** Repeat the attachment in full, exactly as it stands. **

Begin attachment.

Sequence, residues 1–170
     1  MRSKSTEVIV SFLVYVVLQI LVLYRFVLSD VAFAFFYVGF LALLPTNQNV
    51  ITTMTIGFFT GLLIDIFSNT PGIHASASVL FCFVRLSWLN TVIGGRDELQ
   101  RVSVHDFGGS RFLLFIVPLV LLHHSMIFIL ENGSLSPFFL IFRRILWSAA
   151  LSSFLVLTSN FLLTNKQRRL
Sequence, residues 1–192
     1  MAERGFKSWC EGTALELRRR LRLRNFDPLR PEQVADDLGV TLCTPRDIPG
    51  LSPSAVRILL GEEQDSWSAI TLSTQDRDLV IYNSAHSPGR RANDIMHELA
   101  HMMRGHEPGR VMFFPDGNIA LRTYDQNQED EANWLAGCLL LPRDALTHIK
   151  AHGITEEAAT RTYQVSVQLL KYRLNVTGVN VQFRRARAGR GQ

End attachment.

Sequence, residues 1–170
     1  MRSKSTEVIV SFLVYVVLQI LVLYRFVLSD VAFAFFYVGF LALLPTNQNV
    51  ITTMTIGFFT GLLIDIFSNT PGIHASASVL FCFVRLSWLN TVIGGRDELQ
   101  RVSVHDFGGS RFLLFIVPLV LLHHSMIFIL ENGSLSPFFL IFRRILWSAA
   151  LSSFLVLTSN FLLTNKQRRL
Sequence, residues 1–192
     1  MAERGFKSWC EGTALELRRR LRLRNFDPLR PEQVADDLGV TLCTPRDIPG
    51  LSPSAVRILL GEEQDSWSAI TLSTQDRDLV IYNSAHSPGR RANDIMHELA
   101  HMMRGHEPGR VMFFPDGNIA LRTYDQNQED EANWLAGCLL LPRDALTHIK
   151  AHGITEEAAT RTYQVSVQLL KYRLNVTGVN VQFRRARAGR GQ